Canadian government does not require labeling. But for your baby’s health, you can still make a choice:
Eating certified organic food is one way you can avoid GM food because GM is prohibited in organic farming. This includes organic dairy, eggs and meat because animals in organic farming are not fed GM grains like corn or soy.
Avoid eating processed foods with corn, canola and soy ingredients.
Buy cane sugar or organic sugar to avoid eating sugar from GM sugar beets.
Support farmers who fight GM: buy food directly from farmers who
do not plant GM corn, canola or soy or use GM grains for meat, dairy or egg production.
How to read the GMO labeling
Foods that are genetically modified have a 5 digit code that begins with a 9. Foods that are organic, which cannot be genetically modified by definition, have a 5 digit code that begins with an 8. Lastly, foods that are neither genetically modified nor organic have a 4 digit code.
The photo on the left is one of regular dinner for my 14-month old. It has oat meal, quinoa, millet, amaranth, egg and spinach. My LO loves this type of combination!
Again, if we have the choice, we always opt for organic food. It’s highly recommended to Avoid Genetically Modified Foods for Your Baby. Yes, it’s a little bit more expensive. However, since we are making baby foods at home, we save some money than buying those baby foods in jars. Our baby foods are made with loves and the best possible ingredients!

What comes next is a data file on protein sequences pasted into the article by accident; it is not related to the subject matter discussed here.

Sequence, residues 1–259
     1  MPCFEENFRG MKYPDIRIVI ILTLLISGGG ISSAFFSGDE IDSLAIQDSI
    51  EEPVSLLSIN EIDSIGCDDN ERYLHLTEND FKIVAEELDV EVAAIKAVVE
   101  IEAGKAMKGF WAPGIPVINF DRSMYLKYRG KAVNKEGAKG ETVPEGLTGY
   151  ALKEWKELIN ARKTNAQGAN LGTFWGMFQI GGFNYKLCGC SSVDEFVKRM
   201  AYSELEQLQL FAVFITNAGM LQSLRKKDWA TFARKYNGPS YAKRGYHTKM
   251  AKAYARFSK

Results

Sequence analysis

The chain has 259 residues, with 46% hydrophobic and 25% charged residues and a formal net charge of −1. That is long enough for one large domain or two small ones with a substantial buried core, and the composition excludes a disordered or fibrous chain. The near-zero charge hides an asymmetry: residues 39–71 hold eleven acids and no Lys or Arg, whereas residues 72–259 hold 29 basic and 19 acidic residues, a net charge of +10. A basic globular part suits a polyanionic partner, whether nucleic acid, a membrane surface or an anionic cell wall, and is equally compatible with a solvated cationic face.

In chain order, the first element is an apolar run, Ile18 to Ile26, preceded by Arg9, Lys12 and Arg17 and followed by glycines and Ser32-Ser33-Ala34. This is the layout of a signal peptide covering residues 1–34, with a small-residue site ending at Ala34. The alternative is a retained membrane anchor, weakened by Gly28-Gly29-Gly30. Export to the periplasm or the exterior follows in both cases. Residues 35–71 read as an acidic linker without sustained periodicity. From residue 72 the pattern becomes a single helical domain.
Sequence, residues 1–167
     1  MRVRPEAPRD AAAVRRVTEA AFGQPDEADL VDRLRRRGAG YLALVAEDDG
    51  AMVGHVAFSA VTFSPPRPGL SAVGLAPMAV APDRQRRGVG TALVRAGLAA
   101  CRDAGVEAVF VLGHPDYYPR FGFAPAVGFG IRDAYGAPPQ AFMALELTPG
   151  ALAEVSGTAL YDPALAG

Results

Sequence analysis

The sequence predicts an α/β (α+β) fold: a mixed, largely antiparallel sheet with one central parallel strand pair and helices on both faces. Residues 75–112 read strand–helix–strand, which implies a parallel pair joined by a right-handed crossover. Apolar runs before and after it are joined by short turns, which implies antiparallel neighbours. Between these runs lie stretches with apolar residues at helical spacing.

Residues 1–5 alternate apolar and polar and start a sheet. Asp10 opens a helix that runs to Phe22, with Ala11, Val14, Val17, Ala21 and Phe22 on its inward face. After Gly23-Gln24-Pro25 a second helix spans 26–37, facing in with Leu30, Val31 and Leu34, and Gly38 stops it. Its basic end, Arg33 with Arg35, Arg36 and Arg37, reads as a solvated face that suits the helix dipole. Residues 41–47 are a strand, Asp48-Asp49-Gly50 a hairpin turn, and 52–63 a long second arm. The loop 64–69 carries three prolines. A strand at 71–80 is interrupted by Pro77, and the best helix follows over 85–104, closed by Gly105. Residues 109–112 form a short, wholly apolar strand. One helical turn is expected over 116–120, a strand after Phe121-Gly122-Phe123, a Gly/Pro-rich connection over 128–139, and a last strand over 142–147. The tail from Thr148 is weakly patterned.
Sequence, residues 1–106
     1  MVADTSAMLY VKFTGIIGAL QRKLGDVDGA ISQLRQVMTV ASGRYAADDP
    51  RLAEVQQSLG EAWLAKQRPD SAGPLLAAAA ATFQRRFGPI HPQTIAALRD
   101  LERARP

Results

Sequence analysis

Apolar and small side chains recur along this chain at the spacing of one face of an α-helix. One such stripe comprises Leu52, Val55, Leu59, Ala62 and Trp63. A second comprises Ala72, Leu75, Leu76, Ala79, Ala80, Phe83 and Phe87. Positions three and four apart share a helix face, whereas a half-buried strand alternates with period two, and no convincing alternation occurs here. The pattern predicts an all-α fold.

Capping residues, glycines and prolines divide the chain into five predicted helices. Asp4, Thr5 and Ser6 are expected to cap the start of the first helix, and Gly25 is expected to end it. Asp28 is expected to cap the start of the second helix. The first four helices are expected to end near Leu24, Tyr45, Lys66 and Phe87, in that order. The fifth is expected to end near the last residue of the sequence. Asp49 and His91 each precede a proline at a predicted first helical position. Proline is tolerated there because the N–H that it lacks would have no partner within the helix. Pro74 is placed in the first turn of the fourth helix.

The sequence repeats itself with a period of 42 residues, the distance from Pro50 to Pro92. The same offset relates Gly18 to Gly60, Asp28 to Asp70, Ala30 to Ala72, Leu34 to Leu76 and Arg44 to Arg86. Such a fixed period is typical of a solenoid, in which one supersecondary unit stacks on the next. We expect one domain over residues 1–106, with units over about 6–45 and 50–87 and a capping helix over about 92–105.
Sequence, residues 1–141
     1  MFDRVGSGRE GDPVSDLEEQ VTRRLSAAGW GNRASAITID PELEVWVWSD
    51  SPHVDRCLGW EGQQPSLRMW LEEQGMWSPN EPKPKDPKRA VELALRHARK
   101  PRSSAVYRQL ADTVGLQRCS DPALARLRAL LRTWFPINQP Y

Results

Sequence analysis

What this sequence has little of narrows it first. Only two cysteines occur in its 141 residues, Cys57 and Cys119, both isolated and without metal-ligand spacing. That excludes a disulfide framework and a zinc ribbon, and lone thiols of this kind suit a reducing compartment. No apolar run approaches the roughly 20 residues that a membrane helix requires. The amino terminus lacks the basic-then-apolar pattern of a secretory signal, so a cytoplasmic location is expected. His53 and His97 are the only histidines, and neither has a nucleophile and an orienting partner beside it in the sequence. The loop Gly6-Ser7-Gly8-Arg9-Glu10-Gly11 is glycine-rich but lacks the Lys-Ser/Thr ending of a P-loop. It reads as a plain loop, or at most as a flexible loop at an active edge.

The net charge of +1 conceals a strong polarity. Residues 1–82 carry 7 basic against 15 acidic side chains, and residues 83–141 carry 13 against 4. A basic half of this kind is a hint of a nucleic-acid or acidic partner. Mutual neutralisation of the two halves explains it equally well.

Based on CBAN, four GM crops are grown in Canada: corn, soy, canola and white sugar beet (for sugar processing). These are widely used as ingredients in processed foods. There is also now some GM sweet corn grown in Ontario and more could be grown in the future.
GM papaya, cotton and some types of squash are grown in the U.S. and can be imported, mostly as processed food ingredients.
GM Tomatoes: There are no GM tomatoes on the market anywhere in the world.
GM Potatoes: Monsanto took GM potatoes off the market because of consumer rejection.
GM Wheat: In 2004, Monsanto withdrew its request for approval of GM wheat in Canada and the US because of consumer and farmer protest. Monsanto has relaunched its GM wheat research.
Most of the GM corn grown in Canada is hard corn used for animal feed or processed food ingredients. There is no GM popcorn on the market. There are a few varieties of GM sweetcorn now being sold in Canada.
Genetic modification (GM) is recombinant DNA technology, also called genetic engineering
or GE. With genetic engineering scientists can change plants or animals at the molecular level by inserting genes or DNA segments from other organisms. Unlike conventional breeding and hybridization, the process of genetic engineering enables the direct transfer of genes between different species or kingdoms that would not breed in nature.
Are GM Foods Safe to Eat?
We don’t know what, if any, impacts GM foods could have on our health. There are many
unanswered safety questions.
Many scientists warn that:
The process of genetic engineering could create new allergens.
Foreign DNA may be able to survive in the human gut.
Animal feeding studies indicate liver and kidney problems.